I remember the day of the second air raid. My wife, my daughter, and I had fled the city and ended up in the woods with hundreds of other civilians. At that time, there were still many soldiers and they had stayed to fight in the city while others accompanied us for protection. Two attack ships ambushed us. Only a few escaped and hid in a cave. I wasn’t one of them. I suffered burns on my legs during the attack and told my wife to take our daughter to the cave for safety.
My family, along with a few hundred people, reached the cave before the arrival of the Dogs. They seemed lucky at the time. However, in the end, it didn’t matter. One of the ships fired its plasma cannon and killed everyone in the cave. Burned, incinerated… I never entered the cave. No one got out of there alive. There was nothing left to identify. Thousands of ships seemed to attack at once. It was like that in every corner of the planet.
I go into a fire-ravaged building, but the stairs only allow me to reach the third floor. It’s my second camp. I take out my binoculars and look southeast. I see another soldier trying to camouflage himself some three kilometers away. I turn northwest and spot a group of five Ogres. We call them that because of their grotesque, horrendous, and powerful bio-armor. Much better than what the Vokers use. Ours is similar. You know, anything goes in a fight for survival, tech theft, reverse engineering . . . and all of a sudden, we also have our bio-armor.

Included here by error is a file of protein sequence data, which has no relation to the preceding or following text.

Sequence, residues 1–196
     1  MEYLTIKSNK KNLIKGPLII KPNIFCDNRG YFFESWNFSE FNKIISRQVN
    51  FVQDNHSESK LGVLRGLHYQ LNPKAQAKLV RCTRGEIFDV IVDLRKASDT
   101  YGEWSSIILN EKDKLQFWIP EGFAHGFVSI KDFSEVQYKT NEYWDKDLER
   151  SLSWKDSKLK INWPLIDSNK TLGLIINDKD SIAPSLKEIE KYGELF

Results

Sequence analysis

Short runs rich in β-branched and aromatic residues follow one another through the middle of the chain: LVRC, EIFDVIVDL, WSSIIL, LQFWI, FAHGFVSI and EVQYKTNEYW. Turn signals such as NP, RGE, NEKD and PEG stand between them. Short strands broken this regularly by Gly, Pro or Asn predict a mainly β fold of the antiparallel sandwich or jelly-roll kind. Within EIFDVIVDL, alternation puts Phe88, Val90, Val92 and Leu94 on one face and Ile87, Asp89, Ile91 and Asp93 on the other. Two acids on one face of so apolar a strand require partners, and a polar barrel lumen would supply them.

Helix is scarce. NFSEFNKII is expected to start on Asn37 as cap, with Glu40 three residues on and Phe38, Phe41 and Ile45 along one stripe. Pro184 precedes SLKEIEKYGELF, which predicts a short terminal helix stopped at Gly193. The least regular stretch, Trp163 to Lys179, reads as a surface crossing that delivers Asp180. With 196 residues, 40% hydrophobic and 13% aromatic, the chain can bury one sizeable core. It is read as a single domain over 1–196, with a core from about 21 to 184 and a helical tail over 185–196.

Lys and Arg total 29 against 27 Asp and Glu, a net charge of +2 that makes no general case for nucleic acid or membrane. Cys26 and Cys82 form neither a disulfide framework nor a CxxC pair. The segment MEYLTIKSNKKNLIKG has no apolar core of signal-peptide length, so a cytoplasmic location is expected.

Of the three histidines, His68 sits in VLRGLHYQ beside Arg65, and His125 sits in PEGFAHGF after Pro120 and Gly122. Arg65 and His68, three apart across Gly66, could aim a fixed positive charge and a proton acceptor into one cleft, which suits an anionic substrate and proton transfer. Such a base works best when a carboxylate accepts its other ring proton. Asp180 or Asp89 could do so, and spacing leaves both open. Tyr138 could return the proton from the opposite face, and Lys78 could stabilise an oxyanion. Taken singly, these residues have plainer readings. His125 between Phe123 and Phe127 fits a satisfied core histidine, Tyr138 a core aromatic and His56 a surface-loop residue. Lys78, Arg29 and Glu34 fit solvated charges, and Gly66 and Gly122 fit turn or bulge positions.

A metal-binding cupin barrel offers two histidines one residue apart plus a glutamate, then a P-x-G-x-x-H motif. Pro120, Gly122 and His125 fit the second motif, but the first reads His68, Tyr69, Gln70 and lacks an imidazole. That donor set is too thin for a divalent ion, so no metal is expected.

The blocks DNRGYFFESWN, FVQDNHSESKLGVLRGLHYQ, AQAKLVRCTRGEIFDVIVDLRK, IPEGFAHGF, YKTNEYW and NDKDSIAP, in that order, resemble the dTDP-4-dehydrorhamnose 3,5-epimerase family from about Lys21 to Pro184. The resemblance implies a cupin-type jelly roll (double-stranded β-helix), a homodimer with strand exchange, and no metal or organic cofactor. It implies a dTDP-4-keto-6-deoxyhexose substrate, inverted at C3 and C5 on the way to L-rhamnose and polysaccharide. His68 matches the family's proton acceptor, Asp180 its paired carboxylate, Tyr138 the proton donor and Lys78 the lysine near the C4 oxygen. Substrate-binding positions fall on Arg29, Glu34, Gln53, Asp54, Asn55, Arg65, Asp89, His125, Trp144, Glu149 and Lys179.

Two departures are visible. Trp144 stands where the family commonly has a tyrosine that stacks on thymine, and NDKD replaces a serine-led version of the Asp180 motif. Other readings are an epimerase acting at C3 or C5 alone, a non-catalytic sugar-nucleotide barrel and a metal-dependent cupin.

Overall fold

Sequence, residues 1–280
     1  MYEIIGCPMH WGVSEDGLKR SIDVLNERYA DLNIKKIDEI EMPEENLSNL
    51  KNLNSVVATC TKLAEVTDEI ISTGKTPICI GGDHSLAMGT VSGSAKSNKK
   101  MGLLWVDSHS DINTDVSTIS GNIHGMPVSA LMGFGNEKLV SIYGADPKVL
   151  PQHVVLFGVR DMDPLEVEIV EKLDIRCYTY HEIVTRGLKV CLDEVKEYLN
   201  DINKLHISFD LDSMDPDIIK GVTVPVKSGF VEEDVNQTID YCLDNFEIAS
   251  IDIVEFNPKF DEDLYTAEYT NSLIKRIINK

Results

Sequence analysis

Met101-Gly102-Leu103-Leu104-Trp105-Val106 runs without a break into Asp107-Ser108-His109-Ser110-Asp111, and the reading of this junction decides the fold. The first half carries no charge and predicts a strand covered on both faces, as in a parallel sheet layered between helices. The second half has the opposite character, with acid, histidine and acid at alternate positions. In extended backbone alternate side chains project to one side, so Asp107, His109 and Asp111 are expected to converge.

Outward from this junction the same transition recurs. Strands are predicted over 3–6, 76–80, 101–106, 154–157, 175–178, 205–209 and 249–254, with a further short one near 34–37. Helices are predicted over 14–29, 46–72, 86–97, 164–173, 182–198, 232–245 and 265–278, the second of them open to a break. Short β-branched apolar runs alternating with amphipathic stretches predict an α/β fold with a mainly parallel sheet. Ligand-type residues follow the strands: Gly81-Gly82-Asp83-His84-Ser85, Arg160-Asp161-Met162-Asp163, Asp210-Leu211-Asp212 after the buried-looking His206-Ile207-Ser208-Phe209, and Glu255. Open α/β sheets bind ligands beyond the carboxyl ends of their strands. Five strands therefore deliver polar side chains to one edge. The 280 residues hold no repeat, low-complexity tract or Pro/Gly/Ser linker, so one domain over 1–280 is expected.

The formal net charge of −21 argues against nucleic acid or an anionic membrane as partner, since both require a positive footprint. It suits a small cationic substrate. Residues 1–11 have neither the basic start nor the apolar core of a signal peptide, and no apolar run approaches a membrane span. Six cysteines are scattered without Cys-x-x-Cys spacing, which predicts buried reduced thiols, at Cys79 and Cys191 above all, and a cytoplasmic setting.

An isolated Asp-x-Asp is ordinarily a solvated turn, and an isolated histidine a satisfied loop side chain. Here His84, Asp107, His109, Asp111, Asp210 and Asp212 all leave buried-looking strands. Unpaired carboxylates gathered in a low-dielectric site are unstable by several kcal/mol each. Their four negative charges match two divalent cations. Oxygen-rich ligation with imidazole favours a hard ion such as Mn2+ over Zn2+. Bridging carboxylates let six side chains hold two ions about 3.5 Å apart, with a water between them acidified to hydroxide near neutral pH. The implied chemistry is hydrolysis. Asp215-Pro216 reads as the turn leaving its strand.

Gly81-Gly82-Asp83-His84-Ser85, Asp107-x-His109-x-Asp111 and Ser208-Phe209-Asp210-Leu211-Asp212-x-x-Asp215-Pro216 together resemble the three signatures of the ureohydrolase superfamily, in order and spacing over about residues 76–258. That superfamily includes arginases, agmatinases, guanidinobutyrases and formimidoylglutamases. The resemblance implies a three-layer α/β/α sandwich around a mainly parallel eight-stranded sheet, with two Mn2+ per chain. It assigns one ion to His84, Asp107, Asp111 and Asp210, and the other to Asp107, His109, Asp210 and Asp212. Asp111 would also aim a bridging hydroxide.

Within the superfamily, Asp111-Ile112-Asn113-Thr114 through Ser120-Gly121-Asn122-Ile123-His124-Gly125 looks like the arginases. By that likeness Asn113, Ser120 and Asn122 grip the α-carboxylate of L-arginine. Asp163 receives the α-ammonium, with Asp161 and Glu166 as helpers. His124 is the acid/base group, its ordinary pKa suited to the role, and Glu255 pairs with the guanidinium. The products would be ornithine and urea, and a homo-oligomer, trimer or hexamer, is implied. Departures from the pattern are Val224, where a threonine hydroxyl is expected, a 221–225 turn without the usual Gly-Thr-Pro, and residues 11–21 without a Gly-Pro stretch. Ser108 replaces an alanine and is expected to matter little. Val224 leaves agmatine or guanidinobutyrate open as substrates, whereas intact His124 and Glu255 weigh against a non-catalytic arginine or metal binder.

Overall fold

I pick up the electric trigger and charge it with our special ammo for Ogres, delivered directly from a bunker in Central America. If I manage to strike one or two, they will call for reinforcements. Then usually the winged ones come with their plasma guns.
Things have changed a bit in the past year. Our weapons have improved a lot, too bad for the aliens. I remove a heavy concrete slab to make it easier to escape from the staircase, but doing so can jeopardize my safety. I go to the edge of the building, lie on the floor, and set up the trigger. It’s a heavy weapon. I needed the help of three soldiers to get it up to the right place.